“A nuanced portrait, with the full range of Nixon, from the bizarre
and terrifying to the comic figure he really was.”
-- Stanley Kutler, leading Nixon historian
It is 1962 and there are children at play in the White House for the first time since the presidency of William Howard Taft.
Richard Nixon, the vigorous 49-year-old president, has been in office less than two years, having won election by a razor-thin margin over Senator John Kennedy.
In Moscow, the wildly unpredictable Nikita Khrushchev is looking forward to visiting his cherished revolutionary leader, Fidel Castro. Just 90 miles from American shores, Khrushchev will announce an audacious and dangerous nuclear stunt to abruptly shift the balance of power—a secretly-built network of missiles across Cuba that put American cities in the atomic crosshairs.
But President Nixon has his own announcement planned. A U.S. spy plane has discovered the missiles being set up in Cuba and Nixon will soon address the nation to announce his response.
Meanwhile, First Lady Pat Nixon is in California to look at a San Clemente house the first couple may purchase. Seeing shoppers crowd around a store-window television, Pat gets her first inkling of trouble. Dick has always insisted she not listen to the news and she is happy, for now, to return to her correspondence.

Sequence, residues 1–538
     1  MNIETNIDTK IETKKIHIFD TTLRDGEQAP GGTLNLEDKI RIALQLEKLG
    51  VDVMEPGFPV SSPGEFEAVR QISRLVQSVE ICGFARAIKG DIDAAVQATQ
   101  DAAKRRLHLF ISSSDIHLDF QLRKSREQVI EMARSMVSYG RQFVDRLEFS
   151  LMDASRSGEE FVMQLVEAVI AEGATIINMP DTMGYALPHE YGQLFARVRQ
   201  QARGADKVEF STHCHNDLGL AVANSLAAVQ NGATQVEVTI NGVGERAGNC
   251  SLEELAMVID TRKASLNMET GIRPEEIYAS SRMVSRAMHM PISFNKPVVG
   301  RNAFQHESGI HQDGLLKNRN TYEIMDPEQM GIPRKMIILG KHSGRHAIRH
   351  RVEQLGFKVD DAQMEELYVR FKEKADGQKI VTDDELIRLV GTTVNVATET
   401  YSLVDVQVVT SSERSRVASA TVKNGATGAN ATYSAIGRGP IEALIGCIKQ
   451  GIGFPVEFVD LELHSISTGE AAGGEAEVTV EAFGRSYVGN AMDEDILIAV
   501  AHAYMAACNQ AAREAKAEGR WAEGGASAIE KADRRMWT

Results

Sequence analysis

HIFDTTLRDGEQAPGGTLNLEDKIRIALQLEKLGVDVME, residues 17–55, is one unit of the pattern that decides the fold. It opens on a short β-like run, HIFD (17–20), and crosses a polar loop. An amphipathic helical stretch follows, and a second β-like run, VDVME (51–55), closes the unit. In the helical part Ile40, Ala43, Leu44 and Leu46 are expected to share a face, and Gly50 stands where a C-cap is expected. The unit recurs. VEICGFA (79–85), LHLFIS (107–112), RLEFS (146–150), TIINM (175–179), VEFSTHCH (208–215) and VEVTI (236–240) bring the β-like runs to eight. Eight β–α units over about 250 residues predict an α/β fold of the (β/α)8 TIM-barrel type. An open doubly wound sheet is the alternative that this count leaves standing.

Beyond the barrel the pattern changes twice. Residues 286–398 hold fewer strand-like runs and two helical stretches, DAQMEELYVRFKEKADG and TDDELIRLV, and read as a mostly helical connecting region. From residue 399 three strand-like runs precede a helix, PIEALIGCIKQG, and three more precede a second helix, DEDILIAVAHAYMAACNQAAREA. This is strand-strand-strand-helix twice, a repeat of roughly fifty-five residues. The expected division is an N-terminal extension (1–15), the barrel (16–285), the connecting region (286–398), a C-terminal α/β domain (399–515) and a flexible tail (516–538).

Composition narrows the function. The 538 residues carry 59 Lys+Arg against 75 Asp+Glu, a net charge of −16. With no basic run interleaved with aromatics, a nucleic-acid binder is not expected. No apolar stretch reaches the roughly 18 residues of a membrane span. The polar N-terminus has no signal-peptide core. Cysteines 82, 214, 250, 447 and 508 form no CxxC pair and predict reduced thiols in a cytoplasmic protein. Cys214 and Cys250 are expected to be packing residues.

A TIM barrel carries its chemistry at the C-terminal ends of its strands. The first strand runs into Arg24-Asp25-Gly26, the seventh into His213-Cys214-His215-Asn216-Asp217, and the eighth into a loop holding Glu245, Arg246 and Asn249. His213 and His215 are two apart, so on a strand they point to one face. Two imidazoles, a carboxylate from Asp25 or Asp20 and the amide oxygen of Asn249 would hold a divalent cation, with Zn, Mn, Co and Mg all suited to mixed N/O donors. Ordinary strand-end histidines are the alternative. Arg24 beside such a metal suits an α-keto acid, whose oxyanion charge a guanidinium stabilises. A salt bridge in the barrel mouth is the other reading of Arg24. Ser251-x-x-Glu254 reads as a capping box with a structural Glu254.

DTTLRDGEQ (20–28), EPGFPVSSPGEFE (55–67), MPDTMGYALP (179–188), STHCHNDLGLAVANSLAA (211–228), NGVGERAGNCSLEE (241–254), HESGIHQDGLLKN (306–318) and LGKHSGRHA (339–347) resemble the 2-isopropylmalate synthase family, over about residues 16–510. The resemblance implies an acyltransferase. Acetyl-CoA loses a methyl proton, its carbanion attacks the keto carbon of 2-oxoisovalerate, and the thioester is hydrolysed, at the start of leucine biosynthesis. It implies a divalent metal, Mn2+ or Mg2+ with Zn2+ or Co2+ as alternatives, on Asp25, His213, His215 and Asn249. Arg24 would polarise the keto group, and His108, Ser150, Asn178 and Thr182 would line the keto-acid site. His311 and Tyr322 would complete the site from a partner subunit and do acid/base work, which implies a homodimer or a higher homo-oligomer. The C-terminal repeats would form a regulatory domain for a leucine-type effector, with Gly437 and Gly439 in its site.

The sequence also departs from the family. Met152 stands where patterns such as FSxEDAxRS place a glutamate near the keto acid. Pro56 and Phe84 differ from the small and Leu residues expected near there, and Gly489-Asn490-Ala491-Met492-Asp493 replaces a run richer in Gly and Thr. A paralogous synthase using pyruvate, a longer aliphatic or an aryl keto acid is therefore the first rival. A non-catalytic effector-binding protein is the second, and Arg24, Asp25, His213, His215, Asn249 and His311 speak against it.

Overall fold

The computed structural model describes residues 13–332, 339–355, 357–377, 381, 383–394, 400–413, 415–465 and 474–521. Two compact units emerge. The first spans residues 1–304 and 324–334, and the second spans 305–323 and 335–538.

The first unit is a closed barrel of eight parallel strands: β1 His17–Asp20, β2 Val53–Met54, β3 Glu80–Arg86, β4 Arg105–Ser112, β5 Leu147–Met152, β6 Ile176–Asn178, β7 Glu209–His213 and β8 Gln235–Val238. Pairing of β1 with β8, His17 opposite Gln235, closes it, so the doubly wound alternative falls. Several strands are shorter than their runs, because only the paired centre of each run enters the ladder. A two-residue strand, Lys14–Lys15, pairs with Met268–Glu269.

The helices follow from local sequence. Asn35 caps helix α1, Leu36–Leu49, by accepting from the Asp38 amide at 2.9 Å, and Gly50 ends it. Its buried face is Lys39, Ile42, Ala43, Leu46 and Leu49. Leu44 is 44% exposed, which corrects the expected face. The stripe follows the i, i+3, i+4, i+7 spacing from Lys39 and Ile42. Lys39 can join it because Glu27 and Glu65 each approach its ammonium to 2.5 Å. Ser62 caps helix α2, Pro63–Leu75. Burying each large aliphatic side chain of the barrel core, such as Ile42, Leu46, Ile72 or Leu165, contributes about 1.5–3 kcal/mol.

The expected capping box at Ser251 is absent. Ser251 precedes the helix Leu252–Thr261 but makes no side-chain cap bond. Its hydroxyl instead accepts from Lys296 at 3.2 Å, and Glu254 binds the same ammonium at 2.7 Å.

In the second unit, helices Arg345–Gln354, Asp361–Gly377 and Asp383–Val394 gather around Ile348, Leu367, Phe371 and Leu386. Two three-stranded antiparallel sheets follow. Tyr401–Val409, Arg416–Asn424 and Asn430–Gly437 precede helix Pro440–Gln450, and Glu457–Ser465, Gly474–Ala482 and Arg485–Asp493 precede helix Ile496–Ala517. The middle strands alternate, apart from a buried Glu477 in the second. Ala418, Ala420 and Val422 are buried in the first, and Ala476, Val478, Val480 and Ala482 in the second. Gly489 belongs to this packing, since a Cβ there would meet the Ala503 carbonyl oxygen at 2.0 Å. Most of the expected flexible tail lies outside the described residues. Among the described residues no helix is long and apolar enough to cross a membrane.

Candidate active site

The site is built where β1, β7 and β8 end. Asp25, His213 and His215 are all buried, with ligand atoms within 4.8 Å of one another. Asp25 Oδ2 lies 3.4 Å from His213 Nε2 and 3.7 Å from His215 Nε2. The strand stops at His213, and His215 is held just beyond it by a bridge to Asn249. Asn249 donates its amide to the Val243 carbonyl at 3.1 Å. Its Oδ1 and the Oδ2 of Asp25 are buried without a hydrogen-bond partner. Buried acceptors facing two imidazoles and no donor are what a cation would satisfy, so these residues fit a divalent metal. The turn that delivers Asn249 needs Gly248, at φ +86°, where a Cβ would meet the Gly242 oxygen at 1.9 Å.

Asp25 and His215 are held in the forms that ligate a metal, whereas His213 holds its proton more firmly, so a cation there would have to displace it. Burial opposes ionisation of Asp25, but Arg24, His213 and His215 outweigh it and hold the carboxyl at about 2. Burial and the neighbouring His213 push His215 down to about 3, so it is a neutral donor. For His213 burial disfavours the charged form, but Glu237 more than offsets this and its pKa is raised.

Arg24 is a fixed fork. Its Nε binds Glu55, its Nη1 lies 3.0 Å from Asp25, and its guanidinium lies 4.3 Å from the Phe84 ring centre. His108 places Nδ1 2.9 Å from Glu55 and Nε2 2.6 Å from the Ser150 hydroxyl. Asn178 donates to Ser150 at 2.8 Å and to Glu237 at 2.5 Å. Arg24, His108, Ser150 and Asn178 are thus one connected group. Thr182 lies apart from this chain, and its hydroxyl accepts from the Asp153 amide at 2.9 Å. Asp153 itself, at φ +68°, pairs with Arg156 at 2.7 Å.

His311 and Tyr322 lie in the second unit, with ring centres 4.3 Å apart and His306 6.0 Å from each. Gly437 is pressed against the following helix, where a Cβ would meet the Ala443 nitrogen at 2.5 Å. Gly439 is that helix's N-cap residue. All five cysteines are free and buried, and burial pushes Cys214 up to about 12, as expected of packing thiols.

In the coming days, the confrontation between the U.S. and its nuclear foe will escalate. The president will weigh his determination to overthrow Castro against the risk of all-out war as Pat struggles to reconcile her sense of a wife’s proper role with her estrangement from the man who thrust her into a public life she despises.
About the Author
Harvey Simon is a freelance writer living in Washington, DC. His articles have appeared in The Los Angeles Times, The Boston Globe Sunday Magazine, the History News Network and elsewhere. Before moving to Washington he was a national security analyst at Harvard University, where he also wrote about other public policy issues. The Madman Theory (Sept. 18, 2012, Rosemoor Press) is Simon’s debut novel. Its release coincides with the 50th anniversary of the most dangerous event in U.S. history – the Cuban Missile Crisis. Simon received his undergraduate degree from Cornell University and has an M.A. in philosophy from the University of Massachusetts at Amherst.